Baby binkies: Should parents be sucking them too?

Related articles

pacifierPut this one in under odd news. Sucking on a pacifier shouldn t just be for babies, Swedish researchers say when parents do so, it may actually help protect babies from problems later in life.

Parents sucking on their infant s pacifier may reduce the risk of allergy development, possibly via immune stimulation by microbes transferred to the infant via the parent s saliva, write researchers led by microbiologist Agnes E. Wold in Pediatrics.

The researchers followed 184 families with newborns recruited from a Swedish hospital for three years, examining their sensitization to airborne and food allergies at 18 and 36 months of age. Children whose parents cleaned their pacifier by sucking on it were 88 percent less likely to have asthma and 63 percent less likely to have eczema than children whose parents did not use the sucking technique. And there was no indication that babies whose parents sucked on the pacifiers got colds or coughs more often than those who didn t, the study found.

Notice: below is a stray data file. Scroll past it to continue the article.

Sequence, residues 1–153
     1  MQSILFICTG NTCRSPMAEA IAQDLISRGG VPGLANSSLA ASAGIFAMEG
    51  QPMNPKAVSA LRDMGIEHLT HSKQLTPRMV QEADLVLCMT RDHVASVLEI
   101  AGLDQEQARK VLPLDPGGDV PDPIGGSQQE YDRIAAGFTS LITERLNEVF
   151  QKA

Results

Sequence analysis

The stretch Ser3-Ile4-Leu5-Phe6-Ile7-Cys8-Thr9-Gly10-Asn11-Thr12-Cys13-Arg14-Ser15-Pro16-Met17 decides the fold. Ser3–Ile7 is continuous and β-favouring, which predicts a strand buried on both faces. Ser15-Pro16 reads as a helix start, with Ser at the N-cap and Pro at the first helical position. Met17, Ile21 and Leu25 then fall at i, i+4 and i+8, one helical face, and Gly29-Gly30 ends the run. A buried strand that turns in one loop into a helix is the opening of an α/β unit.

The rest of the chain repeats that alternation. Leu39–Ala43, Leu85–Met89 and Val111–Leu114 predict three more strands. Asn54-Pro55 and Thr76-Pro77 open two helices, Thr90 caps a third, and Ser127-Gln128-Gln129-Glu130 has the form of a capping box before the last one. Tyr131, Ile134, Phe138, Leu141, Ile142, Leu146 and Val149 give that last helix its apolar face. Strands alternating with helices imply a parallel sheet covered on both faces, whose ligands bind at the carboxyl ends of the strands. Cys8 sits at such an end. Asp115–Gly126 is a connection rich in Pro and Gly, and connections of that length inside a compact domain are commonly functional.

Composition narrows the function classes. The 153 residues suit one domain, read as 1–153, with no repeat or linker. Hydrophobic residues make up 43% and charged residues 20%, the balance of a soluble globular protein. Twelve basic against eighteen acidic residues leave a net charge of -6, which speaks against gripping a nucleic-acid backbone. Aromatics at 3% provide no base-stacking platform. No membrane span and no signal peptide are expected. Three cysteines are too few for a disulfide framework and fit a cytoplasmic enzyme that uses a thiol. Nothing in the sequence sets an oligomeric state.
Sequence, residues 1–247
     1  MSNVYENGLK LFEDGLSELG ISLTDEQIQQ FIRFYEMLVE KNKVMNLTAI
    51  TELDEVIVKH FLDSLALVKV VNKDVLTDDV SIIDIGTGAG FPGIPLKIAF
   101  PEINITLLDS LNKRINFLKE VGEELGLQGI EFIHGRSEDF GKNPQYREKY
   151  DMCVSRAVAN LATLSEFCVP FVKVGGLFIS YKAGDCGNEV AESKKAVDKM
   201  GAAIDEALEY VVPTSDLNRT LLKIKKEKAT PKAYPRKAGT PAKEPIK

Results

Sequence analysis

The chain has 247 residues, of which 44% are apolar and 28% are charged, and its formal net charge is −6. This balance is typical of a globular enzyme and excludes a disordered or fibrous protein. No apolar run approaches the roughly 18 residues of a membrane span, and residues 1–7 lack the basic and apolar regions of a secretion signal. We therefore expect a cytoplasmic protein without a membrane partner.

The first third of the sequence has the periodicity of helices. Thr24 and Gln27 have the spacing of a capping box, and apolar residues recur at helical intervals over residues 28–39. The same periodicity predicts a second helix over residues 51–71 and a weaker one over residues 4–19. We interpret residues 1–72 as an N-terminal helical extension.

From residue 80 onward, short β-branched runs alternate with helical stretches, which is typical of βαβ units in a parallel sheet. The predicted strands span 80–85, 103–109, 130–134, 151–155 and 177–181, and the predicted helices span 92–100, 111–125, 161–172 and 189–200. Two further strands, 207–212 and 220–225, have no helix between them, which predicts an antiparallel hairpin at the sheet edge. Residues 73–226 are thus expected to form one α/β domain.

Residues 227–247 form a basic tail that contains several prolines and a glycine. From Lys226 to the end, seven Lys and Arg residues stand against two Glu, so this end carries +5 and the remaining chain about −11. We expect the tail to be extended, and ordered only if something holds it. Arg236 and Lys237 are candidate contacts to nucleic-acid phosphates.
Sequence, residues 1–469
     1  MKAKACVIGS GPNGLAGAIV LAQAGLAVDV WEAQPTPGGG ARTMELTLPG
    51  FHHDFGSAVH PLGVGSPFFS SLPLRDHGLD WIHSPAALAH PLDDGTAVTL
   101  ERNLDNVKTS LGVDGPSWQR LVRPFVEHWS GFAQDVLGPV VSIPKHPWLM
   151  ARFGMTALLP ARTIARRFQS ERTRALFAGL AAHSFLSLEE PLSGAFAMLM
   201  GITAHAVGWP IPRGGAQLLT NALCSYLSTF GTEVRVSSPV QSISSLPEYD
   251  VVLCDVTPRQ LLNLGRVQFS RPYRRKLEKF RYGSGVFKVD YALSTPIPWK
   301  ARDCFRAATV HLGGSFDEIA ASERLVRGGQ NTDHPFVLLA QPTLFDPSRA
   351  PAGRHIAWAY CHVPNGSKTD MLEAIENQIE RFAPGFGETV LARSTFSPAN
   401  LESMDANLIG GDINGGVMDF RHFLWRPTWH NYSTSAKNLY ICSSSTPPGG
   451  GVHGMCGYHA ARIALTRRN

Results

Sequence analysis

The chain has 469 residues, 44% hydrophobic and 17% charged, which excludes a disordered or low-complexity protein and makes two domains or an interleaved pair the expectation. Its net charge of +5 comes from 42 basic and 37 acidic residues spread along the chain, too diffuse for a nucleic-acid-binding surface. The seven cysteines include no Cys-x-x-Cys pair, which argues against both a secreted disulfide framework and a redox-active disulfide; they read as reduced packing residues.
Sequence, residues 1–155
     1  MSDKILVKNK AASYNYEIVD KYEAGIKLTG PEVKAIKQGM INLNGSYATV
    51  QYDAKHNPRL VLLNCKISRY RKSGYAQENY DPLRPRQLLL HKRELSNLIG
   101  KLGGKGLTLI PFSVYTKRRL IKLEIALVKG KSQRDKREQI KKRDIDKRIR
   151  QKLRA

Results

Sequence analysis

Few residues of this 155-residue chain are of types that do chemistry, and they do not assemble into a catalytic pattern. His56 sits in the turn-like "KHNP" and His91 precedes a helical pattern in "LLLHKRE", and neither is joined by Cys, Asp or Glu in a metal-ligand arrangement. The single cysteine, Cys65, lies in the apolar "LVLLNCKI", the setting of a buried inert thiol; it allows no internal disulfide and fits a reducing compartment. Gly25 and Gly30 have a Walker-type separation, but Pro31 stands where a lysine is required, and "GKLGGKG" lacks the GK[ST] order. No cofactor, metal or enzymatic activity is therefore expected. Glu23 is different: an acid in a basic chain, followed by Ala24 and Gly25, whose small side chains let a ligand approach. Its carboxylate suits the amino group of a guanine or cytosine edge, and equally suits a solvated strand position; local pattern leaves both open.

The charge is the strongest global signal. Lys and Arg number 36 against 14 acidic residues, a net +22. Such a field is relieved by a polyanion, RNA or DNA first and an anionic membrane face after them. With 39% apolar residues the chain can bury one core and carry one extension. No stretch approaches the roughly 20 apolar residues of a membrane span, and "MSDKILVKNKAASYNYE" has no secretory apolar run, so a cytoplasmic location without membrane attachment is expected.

ACSH s Dr. Gilbert Ross says, The concern about parental contamination of pacifiers was based on the fear that such a practice would transmit cariogenic bacteria germs that might cause cavities in developing baby teeth. That problem did not arise in this study. The theoretical rationale for the beneficial effect on allergies is derived from the hygiene hypothesis, which posits that exposures to environmental immunogens, such as germs of various types, insects, and plain old dirt, might stimulate the toddler s immune system and render the child better able to combat such intruders later on, while babies protected from the outside world will be less able to defend themselves. From my own parental experience, I can say the first child gets ultra-clean stuff to play with, but as the years pass, less intense sanitary practices kick in for subsequent offspring. I have no idea if that makes the younger kids any healthier.